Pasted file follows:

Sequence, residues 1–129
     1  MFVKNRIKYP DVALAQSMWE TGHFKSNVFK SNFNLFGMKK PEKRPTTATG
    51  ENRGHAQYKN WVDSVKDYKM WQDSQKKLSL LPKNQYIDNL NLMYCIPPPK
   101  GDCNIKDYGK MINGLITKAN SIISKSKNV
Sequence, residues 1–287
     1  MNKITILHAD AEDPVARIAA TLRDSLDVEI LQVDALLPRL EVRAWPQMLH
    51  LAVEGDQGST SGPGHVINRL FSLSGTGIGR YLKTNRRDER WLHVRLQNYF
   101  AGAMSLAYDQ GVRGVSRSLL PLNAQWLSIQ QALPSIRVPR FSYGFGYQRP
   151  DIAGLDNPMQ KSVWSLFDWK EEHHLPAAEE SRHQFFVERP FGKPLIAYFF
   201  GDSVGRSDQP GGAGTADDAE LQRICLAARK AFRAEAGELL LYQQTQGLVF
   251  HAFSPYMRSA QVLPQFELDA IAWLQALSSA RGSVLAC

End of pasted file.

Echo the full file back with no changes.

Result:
Sequence, residues 1–129
     1  MFVKNRIKYP DVALAQSMWE TGHFKSNVFK SNFNLFGMKK PEKRPTTATG
    51  ENRGHAQYKN WVDSVKDYKM WQDSQKKLSL LPKNQYIDNL NLMYCIPPPK
   101  GDCNIKDYGK MINGLITKAN SIISKSKNV
Sequence, residues 1–287
     1  MNKITILHAD AEDPVARIAA TLRDSLDVEI LQVDALLPRL EVRAWPQMLH
    51  LAVEGDQGST SGPGHVINRL FSLSGTGIGR YLKTNRRDER WLHVRLQNYF
   101  AGAMSLAYDQ GVRGVSRSLL PLNAQWLSIQ QALPSIRVPR FSYGFGYQRP
   151  DIAGLDNPMQ KSVWSLFDWK EEHHLPAAEE SRHQFFVERP FGKPLIAYFF
   201  GDSVGRSDQP GGAGTADDAE LQRICLAARK AFRAEAGELL LYQQTQGLVF
   251  HAFSPYMRSA QVLPQFELDA IAWLQALSSA RGSVLAC